In contrast of the previous authors, Uzi Baram agreed with the theory of John L. Comaroff and Jean Comaroff that heritage is a great term which uses the past, through a group of inherited customs, traditions, history, and actions as well as antiquities, in the present time in order to develop a future vision. (Baram, 2014, pp. 4674 – 4676; Comaroff & Comaroff, 2009)
Regarding constructed heritage, Myra Shackley focused on the necessity of preserving heritage into the distance future for the new generations (Misiura, 2006, p. 161; Shackley, 1998). Then, Yaniv Poria, Richard W. Butler, and David Airey concurred, using their direct observation, that heritage sites, as well as museums, are the places where the people can realize the past and communicate with the heritage area emotionally (Poria, Butler, & Airey, 2003; Smith, 2015, p. 459).
Shashi Misiura illustrated that cultural heritage has a high significance in the lives of the majority of people and they have a great willingness to preserve it (Misiura, 2006, p. 9). Then, he identified the heritage site, based on the quotation by the British Tourist Authority (2000) in Travel and Tourism Analyst, as a constant picnic area and something which is considered a tool of entertaining the public and communicating with them in educational way. He asserted that the heritage site should be open for visitors without pre-booking and suggested offering free admission for the local community groups or individuals. For instance, the heritage attractions could put on their calendars, something called “Heritage Open Days“, which would seek to raise the local community involvement, allowing visitors to enhance their heritage experience (Misiura, 2006, pp. 146 – 148). He continued by mentioning that cultural heritage, representing in the national history and local folklore, is considered one of the cultural attractions which supports the tourism industry within the heritage framework. Moreover, he placed a great emphasis on the significance of heritage sites giving the example of visiting “Open Air Museums” which aim to raise an awareness of the individuals of the community(Misiura, 2006, p. 156).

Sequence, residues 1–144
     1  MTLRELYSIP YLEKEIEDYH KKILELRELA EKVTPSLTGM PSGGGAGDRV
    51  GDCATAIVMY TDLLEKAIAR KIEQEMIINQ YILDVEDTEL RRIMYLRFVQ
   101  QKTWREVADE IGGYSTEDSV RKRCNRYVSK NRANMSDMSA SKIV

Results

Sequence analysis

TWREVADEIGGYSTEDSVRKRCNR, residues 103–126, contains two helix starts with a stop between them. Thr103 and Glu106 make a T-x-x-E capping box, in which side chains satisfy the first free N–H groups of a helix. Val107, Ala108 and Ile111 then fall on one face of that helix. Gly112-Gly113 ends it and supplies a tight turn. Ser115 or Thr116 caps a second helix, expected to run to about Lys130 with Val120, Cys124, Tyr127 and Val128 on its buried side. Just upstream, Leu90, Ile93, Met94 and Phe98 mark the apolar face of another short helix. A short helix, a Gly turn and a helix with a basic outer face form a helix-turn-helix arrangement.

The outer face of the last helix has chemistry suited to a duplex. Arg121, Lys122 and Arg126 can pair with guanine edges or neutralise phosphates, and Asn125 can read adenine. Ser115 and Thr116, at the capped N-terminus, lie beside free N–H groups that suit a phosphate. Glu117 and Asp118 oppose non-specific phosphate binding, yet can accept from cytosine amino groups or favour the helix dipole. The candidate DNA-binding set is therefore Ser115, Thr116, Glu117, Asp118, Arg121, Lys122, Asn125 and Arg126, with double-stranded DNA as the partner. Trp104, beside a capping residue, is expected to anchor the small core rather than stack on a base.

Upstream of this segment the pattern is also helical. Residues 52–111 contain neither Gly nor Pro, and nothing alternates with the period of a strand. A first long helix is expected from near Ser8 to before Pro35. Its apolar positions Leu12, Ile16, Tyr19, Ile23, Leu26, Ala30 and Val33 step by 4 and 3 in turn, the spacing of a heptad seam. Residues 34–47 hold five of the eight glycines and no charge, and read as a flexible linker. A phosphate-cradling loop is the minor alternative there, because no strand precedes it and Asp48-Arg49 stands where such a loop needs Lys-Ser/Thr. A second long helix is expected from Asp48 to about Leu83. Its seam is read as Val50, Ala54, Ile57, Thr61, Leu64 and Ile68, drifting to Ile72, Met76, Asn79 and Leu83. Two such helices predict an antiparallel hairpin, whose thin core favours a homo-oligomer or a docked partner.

Using the cultural heritage as source of creating marketing programmes, Mahamudul Hasan and Md. Imrul Jobaid stated that the historical activities and their owners are prime components forming the culture heritage at architectural and archaeological sites (Hasan & Jobaid, 2014, p. 41).
Connecting beyond the approaches of Ashworth and Howard; Shackley; Smith and Misiura, the author can estimate the effects of the inherited past, in both tangible and intangible form, on the audience’s behaviors. Consequently, he can use the concept of cultural heritage to create actions and programmes assisting the heritage marketing process.
Ashworth, G., & Howard, P. (Eds.). (1999). European Heritage Planning and Management. Bristol: Intellect Ltd.
Baram, U. (2014). Marketing Heritage. In C. Smith (Ed.), Encyclopedia of Global Archaeology (pp. 4673 – 4679).
Comaroff, J. L., & Comaroff, J. (2009). Ethnicity, Inc. Chicago: University of Chicago Press.
Hasan, M., & Jobaid, M. I. (2014). Heritage Tourism Marketing: Status, Prospects and Barriers. IOSR Journal of Business and Management (IOSR-JBM), 16(5), 40–48.
Misiura, S. (2006). Heritage Marketing (1st ed.). London: Routledge.
Park, H. Y. (2014). Heritage Tourism (1 edition). London ; New York: Routledge.
Poria, Y., Butler, R. W., & Airey, D. (2003). The Core of Heritage Tourism. Annals of Tourism Research, 30(1), 238 – 254.
Shackley, M. (Ed.). (1998). Visitor Management: Case Studies from World Heritage Sites. Oxford: Butterworth-Heinemann.
Smith, L. (2006). The Uses of Heritage. London and New York: Routledge.
Smith, L. (2015). Theorizing Museum and Heritage Visiting. In A. Witcomb & K. Message (Eds.), The International Handbooks of Museum Studies: Museum Theory (1st ed., Vol. 1). Chichester, West Sussex: John Wiley & Sons, Ltd.
Historic Cairo – Egypt